Locals rallied behind a critically ill Liverpool tot and his parents in Dundee city centre on Thursday afternoon.
Locals Lisa Williamson and Laura Colligan were at the forefront of a protest in the City Square, with supporters of Alfie Evans gathering to “raise awareness” of what the youngster’s family is going through.
On Wednesday Alfie’s parents Tom Evans and Kate James failed in an 11th-hour attempt to take the 23-month-old to an Italian hospital for treatment.
The youngster, who doctors say has a degenerative neurological condition, was taken off life-support treatment on Monday and on Thursday morning his dad said his son is “not suffering” and not in pain.
It comes as Alfie’s mum and dad were expected to meet doctors to discuss taking their terminally ill son home.
Speaking in Dundee Ms Williamson said: “It’s wrong. Parents have rights. There is definitely still something there. If the baby’s got a chance, it should be up to the parents to let the baby have that chance.”
Ms Colligan added: “He’s been on his own for 72 hours now. He’s not on any machine. He’s only got oxygen helping him. His stats have been amazingly high. He’s fighting incredibly.
“They are the most inspirational parents and Dundee is behind them 100%.”
She said Alfie should be allowed to go home or to Italy for treatment.
The group which gathered in Dundee also sang a song which included the words: “He’s still fighting, so we’re still fighting. We love you Alfie, we do.”
They will return to Dundee city centre on Saturday at noon.
It comes as Alfie supporters prepare to gather for a mass protest and prayer rally outside Buckingham Palace at 4pm on Thursday.
Earlier today Mr Evans said: “He’s been off a ventilator for three days now, there’s been no deterioration.
“He hasn’t woke up, he’s still a little bit weak, but what we ask for is to go home to sustain his life.”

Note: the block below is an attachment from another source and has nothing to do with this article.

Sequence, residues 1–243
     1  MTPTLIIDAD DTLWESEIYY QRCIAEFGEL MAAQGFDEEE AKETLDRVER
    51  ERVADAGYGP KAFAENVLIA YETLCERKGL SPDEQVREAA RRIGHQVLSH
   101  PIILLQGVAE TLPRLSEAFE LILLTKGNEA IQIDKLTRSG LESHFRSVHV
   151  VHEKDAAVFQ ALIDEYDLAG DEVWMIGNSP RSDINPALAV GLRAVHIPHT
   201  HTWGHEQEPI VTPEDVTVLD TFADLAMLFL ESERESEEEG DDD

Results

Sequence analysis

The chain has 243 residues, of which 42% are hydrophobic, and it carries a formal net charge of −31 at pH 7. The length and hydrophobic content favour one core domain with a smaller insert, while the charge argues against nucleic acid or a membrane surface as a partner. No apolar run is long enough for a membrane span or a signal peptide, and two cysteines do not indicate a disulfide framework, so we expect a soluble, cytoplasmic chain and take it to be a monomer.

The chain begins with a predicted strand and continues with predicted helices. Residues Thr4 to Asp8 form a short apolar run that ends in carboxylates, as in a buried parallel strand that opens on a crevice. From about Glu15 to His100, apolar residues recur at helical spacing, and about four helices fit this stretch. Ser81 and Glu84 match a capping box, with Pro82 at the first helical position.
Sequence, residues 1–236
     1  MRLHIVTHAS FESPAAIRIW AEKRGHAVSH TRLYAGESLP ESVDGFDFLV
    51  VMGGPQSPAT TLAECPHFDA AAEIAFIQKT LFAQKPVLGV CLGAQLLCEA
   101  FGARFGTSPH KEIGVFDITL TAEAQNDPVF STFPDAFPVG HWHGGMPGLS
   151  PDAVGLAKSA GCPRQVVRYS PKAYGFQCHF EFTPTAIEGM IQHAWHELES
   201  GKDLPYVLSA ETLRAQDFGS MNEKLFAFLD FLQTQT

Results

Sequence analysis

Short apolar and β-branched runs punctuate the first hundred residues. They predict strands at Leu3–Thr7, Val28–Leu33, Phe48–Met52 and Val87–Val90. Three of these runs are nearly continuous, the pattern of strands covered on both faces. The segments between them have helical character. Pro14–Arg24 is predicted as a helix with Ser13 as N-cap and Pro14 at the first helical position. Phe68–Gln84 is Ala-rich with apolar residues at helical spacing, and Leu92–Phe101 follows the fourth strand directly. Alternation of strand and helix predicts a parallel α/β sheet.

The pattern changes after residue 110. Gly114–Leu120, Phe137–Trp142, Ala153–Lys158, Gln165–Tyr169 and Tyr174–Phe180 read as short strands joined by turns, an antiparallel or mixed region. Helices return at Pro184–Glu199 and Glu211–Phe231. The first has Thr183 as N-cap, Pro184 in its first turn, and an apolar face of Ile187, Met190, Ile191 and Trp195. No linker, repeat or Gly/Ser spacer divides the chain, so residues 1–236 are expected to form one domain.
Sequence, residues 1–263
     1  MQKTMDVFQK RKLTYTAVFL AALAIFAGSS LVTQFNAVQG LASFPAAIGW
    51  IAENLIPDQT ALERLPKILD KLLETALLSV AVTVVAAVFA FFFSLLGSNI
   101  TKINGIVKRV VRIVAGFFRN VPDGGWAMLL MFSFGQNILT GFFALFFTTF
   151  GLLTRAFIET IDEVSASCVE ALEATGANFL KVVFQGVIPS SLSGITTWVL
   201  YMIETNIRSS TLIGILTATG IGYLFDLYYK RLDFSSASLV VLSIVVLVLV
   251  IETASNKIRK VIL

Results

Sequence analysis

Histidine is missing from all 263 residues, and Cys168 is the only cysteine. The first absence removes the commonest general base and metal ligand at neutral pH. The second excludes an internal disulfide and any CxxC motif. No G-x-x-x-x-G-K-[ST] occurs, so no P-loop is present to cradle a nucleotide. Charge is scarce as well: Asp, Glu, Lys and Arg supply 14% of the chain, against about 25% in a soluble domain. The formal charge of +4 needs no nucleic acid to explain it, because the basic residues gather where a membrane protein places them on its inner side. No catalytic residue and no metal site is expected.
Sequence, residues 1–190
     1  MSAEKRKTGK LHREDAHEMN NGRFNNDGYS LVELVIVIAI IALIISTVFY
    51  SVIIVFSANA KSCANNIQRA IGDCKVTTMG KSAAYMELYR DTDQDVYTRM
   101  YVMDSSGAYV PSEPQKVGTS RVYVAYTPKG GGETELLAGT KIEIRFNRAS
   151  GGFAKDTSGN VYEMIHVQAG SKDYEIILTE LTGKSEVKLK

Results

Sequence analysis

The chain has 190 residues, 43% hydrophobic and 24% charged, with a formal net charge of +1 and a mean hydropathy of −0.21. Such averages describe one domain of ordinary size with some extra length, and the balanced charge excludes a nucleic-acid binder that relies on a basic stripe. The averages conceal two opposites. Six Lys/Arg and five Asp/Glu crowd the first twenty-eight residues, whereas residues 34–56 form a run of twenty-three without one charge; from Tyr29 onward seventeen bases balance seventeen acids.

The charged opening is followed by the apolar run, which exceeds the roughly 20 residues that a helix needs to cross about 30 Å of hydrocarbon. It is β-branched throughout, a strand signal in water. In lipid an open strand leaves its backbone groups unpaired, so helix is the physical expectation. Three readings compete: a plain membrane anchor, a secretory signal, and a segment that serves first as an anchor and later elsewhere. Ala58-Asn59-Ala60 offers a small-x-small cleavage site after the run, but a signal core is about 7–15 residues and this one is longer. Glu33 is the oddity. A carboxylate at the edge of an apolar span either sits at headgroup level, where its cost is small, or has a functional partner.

He said the family still had “appeals to explore”.
He accused doctors at the hospital of being “wrong” about their diagnosis: “Alfie lives, comfortably, happily, without ventilation, without any form of ventilation.
“That must be enough for you now to consider that Alfie may prove you wrong.”
Mr Evans said: “As I sit next to Alfie’s bedside, every second of every day, it encourages me more and more that he will live for ‘x’ amount of months, possibly years.”
Police remain outside Alder Hey Children’s Hospital this morning, along with balloons and candles for Alfie.
Alfie Evans timeline
February 20: Mr Justice Hayden rules in favour of hospital bosses at the High Court, accepting medical evidence which shows further treatment is futile
March 6: Court of Appeal judges uphold the decision
March 20: Supreme Court justices decide the case is not worth arguing and refuse permission for another appeal
March 28: The European Court of Human Rights rejects a bid from Mr Evans and Ms James, saying they found no human rights violation
April 16: Alfie’s parents argue he is being wrongly “detained” at Alder Hey Hospital. Judges at the Court of Appeal in London rule against them and again uphold the decisions of Mr Justice Hayden
April 20: The Supreme Court rules against Alfie’s parents for a second time, refusing permission to appeal
April 23: The European Court of Human Rights refuses an application by Alfie’s parents, saying it is inadmissible. A High Court Judge dismisses new submissions by Alfie’s parents, and his life support is withdrawn by doctors